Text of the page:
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Since World War II, abortion policies have remained remarkably varied across European nations, with struggles over abortion rights at the forefront of national politics. This volume analyses European abortion governance and explores how social movements, political groups, and individuals use protests and resistance to influence abortion policy. Drawing on case studies from Italy, Spain, Norway, Poland, Romania, Russia, Sweden, Switzerland, the United Kingdom and the European Union, it analyses the strategies and discourses of groups seeking to liberalise or restrict reproductive rights. It also illuminates the ways that reproductive rights politics intersect with demographic anxieties, as well as the rising nationalisms and xenophobia related to austerity policies, mass migration and the recent terrorist attacks in Europe.
Silvia De Zordo is a Senior Researcher at the University of Barcelona (UB), Department of Anthropology. Her research interests encompass contraception, abortion and conscientious objection in Latin America and Europe. She has recently been awarded an ERC Starting Grant to study the impact on women of barriers to legal abortion in Europe. Her recent publications include Reproduction and Biopolitics: Ethnographies of Governance, “Irrationality” and Resistance (ed. with Milena Marchesi), published by Routledge in 2014.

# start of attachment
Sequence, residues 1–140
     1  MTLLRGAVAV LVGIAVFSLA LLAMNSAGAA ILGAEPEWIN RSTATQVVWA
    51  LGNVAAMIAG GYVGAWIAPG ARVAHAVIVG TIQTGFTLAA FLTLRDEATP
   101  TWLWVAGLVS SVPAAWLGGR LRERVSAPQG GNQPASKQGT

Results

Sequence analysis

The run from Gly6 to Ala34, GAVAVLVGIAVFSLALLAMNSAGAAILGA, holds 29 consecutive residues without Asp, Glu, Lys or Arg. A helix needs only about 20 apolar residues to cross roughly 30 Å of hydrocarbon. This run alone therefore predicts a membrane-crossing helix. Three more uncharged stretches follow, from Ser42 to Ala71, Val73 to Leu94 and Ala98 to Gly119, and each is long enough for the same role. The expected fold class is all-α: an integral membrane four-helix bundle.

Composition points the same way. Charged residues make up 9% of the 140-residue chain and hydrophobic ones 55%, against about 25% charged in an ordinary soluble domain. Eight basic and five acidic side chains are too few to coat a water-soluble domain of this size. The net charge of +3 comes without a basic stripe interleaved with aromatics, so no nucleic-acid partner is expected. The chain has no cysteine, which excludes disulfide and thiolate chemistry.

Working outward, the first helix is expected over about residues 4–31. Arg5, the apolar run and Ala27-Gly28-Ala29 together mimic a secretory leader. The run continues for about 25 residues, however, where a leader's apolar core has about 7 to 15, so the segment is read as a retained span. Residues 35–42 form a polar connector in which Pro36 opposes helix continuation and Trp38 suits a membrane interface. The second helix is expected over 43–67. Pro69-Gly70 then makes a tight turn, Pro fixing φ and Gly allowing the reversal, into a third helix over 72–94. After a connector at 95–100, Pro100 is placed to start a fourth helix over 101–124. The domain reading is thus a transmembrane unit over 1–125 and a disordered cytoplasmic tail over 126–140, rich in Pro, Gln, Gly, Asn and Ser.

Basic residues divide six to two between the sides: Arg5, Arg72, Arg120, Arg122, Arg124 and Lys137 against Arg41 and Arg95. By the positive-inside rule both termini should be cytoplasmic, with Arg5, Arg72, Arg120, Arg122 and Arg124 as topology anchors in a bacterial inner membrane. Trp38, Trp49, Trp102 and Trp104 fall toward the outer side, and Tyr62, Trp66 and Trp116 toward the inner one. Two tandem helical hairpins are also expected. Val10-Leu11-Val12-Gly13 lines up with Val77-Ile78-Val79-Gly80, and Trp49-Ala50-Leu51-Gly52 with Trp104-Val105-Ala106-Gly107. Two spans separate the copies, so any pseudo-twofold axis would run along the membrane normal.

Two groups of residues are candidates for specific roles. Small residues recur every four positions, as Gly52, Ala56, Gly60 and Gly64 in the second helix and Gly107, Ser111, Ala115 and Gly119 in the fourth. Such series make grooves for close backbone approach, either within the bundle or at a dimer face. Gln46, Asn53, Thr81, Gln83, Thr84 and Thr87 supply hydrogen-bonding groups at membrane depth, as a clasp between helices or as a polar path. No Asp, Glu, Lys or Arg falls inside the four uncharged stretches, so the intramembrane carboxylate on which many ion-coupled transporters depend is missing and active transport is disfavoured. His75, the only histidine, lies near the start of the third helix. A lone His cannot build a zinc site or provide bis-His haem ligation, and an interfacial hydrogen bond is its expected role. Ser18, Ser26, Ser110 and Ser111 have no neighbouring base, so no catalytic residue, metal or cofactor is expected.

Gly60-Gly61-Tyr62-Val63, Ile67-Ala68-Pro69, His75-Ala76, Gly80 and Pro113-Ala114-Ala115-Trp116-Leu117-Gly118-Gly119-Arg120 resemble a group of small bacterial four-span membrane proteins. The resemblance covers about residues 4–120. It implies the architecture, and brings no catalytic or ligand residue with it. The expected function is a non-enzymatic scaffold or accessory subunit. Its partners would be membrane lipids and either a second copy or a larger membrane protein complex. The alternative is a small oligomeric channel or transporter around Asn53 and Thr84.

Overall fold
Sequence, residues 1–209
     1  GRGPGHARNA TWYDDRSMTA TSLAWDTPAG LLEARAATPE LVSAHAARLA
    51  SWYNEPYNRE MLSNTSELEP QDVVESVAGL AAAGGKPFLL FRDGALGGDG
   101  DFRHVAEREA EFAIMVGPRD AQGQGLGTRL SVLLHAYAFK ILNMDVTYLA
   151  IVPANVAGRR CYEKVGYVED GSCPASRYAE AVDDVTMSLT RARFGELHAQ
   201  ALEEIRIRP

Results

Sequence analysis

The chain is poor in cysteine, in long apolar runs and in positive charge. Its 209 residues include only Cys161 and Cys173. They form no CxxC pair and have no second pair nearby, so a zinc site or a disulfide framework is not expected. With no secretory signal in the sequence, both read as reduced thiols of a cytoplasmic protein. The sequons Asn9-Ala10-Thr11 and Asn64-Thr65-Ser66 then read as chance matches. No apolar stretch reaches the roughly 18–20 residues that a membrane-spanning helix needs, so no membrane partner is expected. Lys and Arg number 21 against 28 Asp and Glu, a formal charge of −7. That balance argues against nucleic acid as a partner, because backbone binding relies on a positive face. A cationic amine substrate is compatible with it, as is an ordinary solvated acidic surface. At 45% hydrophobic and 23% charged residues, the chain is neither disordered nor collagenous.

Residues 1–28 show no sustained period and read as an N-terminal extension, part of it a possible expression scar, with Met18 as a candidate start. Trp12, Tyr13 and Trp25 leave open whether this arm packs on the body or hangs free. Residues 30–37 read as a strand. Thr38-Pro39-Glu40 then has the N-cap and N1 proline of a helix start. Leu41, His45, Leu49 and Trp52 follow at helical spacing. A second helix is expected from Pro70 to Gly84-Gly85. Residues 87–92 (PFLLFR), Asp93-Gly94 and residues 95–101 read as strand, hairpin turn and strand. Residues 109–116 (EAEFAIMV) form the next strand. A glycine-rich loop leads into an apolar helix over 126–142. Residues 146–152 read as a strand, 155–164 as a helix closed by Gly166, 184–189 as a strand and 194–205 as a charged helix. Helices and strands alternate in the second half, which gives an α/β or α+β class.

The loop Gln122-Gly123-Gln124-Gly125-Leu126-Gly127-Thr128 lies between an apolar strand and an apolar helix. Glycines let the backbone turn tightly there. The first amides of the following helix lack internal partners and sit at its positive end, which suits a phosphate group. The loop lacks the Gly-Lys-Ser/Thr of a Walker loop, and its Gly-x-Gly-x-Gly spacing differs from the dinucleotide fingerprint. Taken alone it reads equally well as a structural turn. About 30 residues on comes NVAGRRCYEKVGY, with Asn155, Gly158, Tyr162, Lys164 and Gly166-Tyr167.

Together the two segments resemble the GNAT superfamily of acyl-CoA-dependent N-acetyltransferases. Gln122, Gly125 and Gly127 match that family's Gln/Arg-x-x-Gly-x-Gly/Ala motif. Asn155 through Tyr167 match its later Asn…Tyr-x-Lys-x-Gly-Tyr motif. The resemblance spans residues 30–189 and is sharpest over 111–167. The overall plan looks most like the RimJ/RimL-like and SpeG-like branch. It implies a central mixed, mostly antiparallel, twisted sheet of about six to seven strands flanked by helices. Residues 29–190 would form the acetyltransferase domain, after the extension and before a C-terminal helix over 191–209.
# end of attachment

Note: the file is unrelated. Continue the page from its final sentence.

Joanna Mishtal is an Associate Professor of Anthropology at the University of Central Florida. Her research examines reproductive rights, health, and policies in Poland, and in the context of EU governance. Her book The Politics of Morality: The Church, the State and Reproductive Rights in Postsocialist Poland was published by Ohio University Press in 2015.
Lorena Anton is a Marie Curie Fellow in social anthropology at the University of Bucharest (2013-2017), where she develops a project on abortion governance in post-communist Romania. Recent publications include ‘On n’en parlera jamais de tout ça! Ethnographier la mémoire de l’avortement en Roumanie de Ceaușescu’, in Ethnologie Française (2014) and the ‘Cultural Memory’ entry in Protest Cultures: A Companion (eds. Fahlenbrach et al., Berghahn Books).